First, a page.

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Infections can occur in the bones, joints, and muscles of children. Generally known as “deep” infections, the medical names for these infections are:

  • Osteomyelitis is a form of bone inflammation (bone infection)
  • Arthritis septic (joint infection)
  • Pyomyositis is a form of myositis that affects the muscles (muscle infection)

The parents must consider visiting a pediatric orthopedic doctor in Gurgaon if their child is having any bone or joint infection. The most prevalent forms of bone and joint infections found in children are discussed in this article.

Causes of bone and joint infections

Infections are commonly caused by bacteria that can be found in a child’s routine. Staphylococcus aureus is the most common bacteria that causes bone, joint, and muscle infections in children.

Bacteria can enter the child’s body through several routes.The bacteria travels in the bloodstream to enter a joint, bone or muscle and spread further in the tissues of the bones, joints, and muscles.

Infections are extremely risky for young children for many reasons which are mentioned below:

  • Underdeveloped immunity systems of growing children especially those less than 3 years make them more susceptible to infections. Children get infections when they or injure themselves.
  • Infections spread rapidly through the blood system and bone structure of a small child.
  • Infections can damage the bones and joints of a child hampering their growth and causing physical dysfunction.

Symptoms of bone and joint infections in children

  1. Fever
  2. Pain
  3. Limited mobility of the infected area — if the infection affects the legs or back, a child might limp or refuse to walk. The child might be irritable and sleepy, refuse to eat, or vomit.

Many children with bone and joint infections have recently had an injury. Infection symptoms are sometimes masked by the symptoms of such injury. Since parents want their child’s condition to heal by itself,there is delay in recognizing the infection.

If a child’s symptoms do not improve at home, the parents must take him or her to a specialist immediately.

Diagnosis of bone and joint infection in children

  • Physical Examination and medical history

The parents must inform the child’s doctor about the conditions surrounding the symptoms, such as when they first appeared and whether there was a previous infection.

The doctor will inspect the infected region after reviewing the child’s symptoms and medical records. The doctor might also ask the child to move the affected area to see if moving makes the pain worse.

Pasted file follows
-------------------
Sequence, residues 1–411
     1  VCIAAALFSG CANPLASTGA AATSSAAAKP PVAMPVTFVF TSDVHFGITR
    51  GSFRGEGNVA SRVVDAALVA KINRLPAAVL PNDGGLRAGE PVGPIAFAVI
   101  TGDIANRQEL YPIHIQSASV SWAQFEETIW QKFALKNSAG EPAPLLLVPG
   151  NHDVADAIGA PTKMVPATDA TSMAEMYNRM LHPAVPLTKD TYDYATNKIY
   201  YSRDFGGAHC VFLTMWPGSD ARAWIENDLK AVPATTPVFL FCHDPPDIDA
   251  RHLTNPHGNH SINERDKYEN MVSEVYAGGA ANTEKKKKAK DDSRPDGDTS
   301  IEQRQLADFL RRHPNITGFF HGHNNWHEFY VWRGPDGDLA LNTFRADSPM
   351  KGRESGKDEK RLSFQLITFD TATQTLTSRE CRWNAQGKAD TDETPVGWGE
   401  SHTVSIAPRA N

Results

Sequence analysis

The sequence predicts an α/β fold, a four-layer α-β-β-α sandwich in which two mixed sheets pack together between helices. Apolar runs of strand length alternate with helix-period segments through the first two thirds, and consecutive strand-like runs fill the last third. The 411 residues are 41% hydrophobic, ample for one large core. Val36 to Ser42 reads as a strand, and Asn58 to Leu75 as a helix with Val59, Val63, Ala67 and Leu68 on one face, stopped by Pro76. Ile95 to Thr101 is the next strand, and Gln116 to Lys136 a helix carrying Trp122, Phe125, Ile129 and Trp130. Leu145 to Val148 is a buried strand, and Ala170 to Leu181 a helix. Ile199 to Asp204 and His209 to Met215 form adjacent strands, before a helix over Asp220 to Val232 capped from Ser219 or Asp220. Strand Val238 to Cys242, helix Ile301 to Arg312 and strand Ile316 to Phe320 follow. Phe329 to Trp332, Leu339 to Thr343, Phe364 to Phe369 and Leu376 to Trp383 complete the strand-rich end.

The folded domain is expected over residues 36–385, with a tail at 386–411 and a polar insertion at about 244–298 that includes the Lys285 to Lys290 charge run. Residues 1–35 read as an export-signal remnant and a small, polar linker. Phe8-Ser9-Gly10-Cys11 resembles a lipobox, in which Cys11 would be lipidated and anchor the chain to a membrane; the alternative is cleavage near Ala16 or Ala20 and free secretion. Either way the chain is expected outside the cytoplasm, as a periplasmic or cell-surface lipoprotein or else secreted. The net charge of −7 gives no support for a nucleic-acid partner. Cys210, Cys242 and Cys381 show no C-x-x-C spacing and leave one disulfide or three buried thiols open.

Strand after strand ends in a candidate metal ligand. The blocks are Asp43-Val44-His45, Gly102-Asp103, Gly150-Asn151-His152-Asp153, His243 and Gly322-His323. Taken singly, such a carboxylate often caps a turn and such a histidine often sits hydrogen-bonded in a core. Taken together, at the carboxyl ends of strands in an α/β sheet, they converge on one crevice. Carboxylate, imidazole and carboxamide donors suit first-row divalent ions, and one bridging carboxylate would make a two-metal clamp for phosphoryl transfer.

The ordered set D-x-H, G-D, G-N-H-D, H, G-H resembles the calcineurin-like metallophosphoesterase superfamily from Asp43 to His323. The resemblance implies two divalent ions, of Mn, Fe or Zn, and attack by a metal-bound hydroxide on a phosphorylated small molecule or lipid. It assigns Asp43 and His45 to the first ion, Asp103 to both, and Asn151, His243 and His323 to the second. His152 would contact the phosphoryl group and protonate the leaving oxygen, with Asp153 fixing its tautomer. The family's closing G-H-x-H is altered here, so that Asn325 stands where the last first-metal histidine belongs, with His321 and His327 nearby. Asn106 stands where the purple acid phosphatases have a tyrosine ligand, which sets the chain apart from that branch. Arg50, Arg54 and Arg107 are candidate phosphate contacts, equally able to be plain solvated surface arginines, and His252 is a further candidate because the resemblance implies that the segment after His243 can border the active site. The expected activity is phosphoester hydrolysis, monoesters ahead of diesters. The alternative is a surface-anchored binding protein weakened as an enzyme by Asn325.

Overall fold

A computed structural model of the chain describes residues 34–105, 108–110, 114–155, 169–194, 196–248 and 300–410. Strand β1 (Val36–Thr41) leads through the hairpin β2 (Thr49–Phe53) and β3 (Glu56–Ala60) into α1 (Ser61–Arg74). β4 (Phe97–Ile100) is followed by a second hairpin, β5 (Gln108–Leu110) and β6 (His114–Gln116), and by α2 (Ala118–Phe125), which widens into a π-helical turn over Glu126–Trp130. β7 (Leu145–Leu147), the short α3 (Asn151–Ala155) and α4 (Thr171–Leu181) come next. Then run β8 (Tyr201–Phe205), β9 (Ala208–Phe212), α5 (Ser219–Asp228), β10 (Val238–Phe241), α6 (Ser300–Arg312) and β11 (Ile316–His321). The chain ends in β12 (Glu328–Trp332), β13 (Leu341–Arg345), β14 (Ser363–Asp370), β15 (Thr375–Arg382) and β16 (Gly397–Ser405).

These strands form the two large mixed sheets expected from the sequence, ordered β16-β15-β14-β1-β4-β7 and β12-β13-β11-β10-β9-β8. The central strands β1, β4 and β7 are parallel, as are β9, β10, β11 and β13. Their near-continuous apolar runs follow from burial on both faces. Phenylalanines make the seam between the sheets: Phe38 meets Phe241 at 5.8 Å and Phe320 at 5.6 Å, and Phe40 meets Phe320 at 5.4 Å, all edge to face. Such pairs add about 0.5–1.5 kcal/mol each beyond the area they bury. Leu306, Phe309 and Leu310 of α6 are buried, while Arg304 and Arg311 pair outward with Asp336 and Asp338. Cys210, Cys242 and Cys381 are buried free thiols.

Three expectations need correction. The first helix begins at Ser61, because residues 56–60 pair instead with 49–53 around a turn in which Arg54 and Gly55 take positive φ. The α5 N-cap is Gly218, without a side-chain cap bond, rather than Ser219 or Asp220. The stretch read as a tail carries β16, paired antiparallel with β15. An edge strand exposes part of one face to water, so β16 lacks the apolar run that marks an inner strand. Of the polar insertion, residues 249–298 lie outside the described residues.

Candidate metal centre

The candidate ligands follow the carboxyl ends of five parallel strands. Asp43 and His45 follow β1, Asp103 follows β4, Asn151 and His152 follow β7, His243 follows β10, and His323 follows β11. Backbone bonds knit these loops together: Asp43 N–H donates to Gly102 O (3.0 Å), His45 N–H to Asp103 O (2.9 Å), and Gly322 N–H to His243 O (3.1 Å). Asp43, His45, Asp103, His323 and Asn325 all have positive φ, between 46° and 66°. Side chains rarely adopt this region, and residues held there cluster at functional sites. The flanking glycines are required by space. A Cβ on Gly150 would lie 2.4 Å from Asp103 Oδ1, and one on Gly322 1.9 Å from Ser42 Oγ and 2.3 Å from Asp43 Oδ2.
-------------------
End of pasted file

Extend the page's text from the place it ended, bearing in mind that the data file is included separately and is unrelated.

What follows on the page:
• Tests 

Other examinations that can aid the doctor in confirming a diagnosis and planning treatment for the child include:

  • Tissue cultures and blood tests: Blood tests and tissues from the infected area from the infected region can help the doctor identify the cause of the infection. This knowledge about the infection aids the doctor in determining the best treatment options.
  • Imaging tests: X-rays, magnetic resonance imaging (MRI) scans, and ultrasound scans include images of the organs and muscles of the affected region. It helps the doctor in further determining the cause of infection and providing treatment.

Treatment for bone and joint infections

  • Treatment with antibiotics

Antibiotic prescriptions are the cornerstone of infection control.

  • Intravenous: The child would need to remain in the hospital at first to obtain antibiotics through veins. The severity of the infection will determine the length of the child’s stay in the hospital. Most children with bone, joint, or muscle infections spend one to two weeks in the hospital.
  • Oral: The antibiotic is gradually converted to a form that can be taken by mouth (oral) and delivered at home.
  • PICC line: A special intravenous tube called a PICC line allows certain children to begin receiving antibiotics via vein at home. 

The length of time spent on antibiotics to resolve an infection differs from child to child. However, a general bone infection takes 4 to 6 weeks to resolve, and joint or muscle infections take 3 to 4 weeks.

The child must take all the antibiotics prescribed to him or her exactly as directed by the doctor.

  • Surgery

Antibiotics alone can be sufficient to treat minor infections. However, some children will need surgery to clear infectious substances (pus) from the infection site. This would lower blood pressure and inflammation and increase blood flow, making it possible for antibiotics to enter the infected region. 

One surgical procedure is usually sufficient for most children. However, more severe infections can necessitate two or more procedures to help resolve the condition.

What happens after bone and joint infection is treated?

After adequate treatment, most children will recover entirely from bone and joint infections. It is unlikely that they would develop the same infection again. After treatment, if the child has no other issues and he /she can resume their normal activities.

If an infection is detected early, children have a better chance of recovering early. The longer the infection stays undiagnosed, the more damage will occur to the bones, nerves, and other tissues involved.

Children who have had severe and long-term infections can experience some issues. It includes blood clots, growth hampering, deformed bones, fractures from infection-weakened tissue, bone death (necrosis). However, these conditions are rare.

Dr. Ratnav Ratan
Dr. Ratnav Ratan
Pediatric Orthopedist and Sports Medicine specialist​

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